Filming for the 1940 feature The Thief of Bagdad commenced in London, but had to be transferred to Hollywood once the Blitz started and the British capital came under attack. The intervention by the Hays Office censors in the US resulted in two entirely different approaches regarding women’s clothing worn in the picture. Scenes shot in Britain show the ladies wearing low-cut gowns, while those shot under the watchful eye of the Hays Office in Hollywood show their bodices buttoned up to the neck! It is fun spotting the difference. Incidentally, the spelling of ‘Bagdad’ is the eastern European way, as opposed to ‘Baghdad’, the western-style spelling. The eastern producers and writers appear to have won the day.

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Reagan, Flynn & Arthur Kennedy in Wehrmacht uniforms – Desperate Journey (1942)

Desperate Journey (1942) is a war film starring Errol Flynn and Ronald Reagan. From a trivia point of view, this picture contains the only image (thus far) of a US president (Reagan) being photographed wearing an enemy uniform. The plot required Ronnie’s character to pose as a Nazi in uniform. Desperate Journey was also Ronnie’s last movie before he joined the military. By day, he would be assigned to working on training films in Culver City, California. By night, he was not required to live on a military base, but free to go home each evening to Beverly Hills and to his wife, Jane Wyman.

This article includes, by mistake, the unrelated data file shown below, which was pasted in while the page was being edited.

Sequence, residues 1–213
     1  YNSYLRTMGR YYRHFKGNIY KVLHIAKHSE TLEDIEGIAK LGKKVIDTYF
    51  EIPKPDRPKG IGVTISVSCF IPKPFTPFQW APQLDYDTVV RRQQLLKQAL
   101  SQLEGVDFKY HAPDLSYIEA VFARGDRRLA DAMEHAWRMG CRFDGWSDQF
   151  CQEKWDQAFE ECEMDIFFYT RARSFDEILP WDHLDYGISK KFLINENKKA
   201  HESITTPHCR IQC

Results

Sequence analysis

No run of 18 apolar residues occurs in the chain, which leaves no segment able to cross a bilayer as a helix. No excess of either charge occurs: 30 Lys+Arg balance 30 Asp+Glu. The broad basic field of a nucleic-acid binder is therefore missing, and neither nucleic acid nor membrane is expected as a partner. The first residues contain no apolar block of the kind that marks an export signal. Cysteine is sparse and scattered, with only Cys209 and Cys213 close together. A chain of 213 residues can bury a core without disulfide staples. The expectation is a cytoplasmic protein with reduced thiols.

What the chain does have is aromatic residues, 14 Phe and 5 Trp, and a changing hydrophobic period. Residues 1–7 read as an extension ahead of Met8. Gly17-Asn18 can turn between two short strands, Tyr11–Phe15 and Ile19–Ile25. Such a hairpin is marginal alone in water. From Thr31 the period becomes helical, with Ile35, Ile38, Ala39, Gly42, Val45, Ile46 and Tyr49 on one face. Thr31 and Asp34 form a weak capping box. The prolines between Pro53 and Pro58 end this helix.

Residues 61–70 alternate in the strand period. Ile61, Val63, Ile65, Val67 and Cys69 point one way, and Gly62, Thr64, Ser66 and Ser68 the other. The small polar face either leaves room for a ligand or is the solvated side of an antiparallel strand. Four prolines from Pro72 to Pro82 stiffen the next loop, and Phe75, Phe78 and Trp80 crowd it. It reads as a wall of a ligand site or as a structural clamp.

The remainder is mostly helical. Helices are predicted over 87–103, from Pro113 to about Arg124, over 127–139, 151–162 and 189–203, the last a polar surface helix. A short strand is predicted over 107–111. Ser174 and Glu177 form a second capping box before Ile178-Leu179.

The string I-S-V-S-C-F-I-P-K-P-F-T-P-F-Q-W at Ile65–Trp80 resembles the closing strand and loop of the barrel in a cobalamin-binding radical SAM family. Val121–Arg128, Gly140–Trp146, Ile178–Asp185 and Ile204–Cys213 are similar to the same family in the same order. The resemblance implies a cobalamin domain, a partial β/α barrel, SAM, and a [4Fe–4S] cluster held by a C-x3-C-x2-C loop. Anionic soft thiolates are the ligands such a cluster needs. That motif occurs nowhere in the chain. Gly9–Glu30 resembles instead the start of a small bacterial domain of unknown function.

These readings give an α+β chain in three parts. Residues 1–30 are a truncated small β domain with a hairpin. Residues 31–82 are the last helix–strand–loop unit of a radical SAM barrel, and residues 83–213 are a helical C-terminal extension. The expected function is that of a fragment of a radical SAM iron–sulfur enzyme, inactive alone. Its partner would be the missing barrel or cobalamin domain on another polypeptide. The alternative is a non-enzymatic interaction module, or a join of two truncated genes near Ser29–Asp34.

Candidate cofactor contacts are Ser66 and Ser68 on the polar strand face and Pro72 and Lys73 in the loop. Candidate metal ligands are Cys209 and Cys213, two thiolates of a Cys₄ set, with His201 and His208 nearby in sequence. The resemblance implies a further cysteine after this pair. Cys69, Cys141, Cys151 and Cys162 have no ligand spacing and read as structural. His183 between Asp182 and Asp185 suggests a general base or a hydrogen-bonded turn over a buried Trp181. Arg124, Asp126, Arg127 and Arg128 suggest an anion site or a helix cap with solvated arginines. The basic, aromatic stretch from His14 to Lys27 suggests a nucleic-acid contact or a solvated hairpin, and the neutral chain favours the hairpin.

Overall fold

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Hutton, William Demarest & Lynn in The Miracle of Morgan’s Creek (1944)

The Miracle of Morgan’s Creek was written and directed by Preston Sturges in 1943 and released in 1944. The delay was caused by problems with the Hays Office over content. A major issue revolved around young Trudy (Betty Hutton) and her 14 year-old sister, Emmy, (Diana Lynn) partying with a bunch of soldiers (about to go off to war), and getting drunk as skunks. On awakening next morning, Trudy discovers she has married one of the soldiers, but is unable to recall either his name or what he looked like. Furthermore, she is pregnant and the father has gone off to war. The Hays Office and the Catholic Legion of Decency had kittens! Changes had to be made.